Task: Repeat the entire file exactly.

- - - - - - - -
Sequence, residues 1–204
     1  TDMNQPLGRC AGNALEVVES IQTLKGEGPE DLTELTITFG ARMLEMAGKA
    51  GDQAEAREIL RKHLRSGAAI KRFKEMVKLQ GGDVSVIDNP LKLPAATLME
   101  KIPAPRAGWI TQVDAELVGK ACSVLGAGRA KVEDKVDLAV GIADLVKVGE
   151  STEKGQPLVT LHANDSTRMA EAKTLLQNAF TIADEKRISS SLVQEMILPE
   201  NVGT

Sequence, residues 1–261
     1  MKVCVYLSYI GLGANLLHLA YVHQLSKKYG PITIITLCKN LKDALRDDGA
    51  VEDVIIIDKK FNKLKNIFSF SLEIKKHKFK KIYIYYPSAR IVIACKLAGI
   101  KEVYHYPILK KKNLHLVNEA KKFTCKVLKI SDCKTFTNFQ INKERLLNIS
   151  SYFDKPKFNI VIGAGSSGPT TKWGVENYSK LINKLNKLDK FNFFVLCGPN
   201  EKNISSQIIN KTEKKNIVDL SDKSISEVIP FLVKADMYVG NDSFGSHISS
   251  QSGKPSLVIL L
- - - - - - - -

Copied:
Sequence, residues 1–204
     1  TDMNQPLGRC AGNALEVVES IQTLKGEGPE DLTELTITFG ARMLEMAGKA
    51  GDQAEAREIL RKHLRSGAAI KRFKEMVKLQ GGDVSVIDNP LKLPAATLME
   101  KIPAPRAGWI TQVDAELVGK ACSVLGAGRA KVEDKVDLAV GIADLVKVGE
   151  STEKGQPLVT LHANDSTRMA EAKTLLQNAF TIADEKRISS SLVQEMILPE
   201  NVGT

Sequence, residues 1–261
     1  MKVCVYLSYI GLGANLLHLA YVHQLSKKYG PITIITLCKN LKDALRDDGA
    51  VEDVIIIDKK FNKLKNIFSF SLEIKKHKFK KIYIYYPSAR IVIACKLAGI
   101  KEVYHYPILK KKNLHLVNEA KKFTCKVLKI SDCKTFTNFQ INKERLLNIS
   151  SYFDKPKFNI VIGAGSSGPT TKWGVENYSK LINKLNKLDK FNFFVLCGPN
   201  EKNISSQIIN KTEKKNIVDL SDKSISEVIP FLVKADMYVG NDSFGSHISS
   251  QSGKPSLVIL L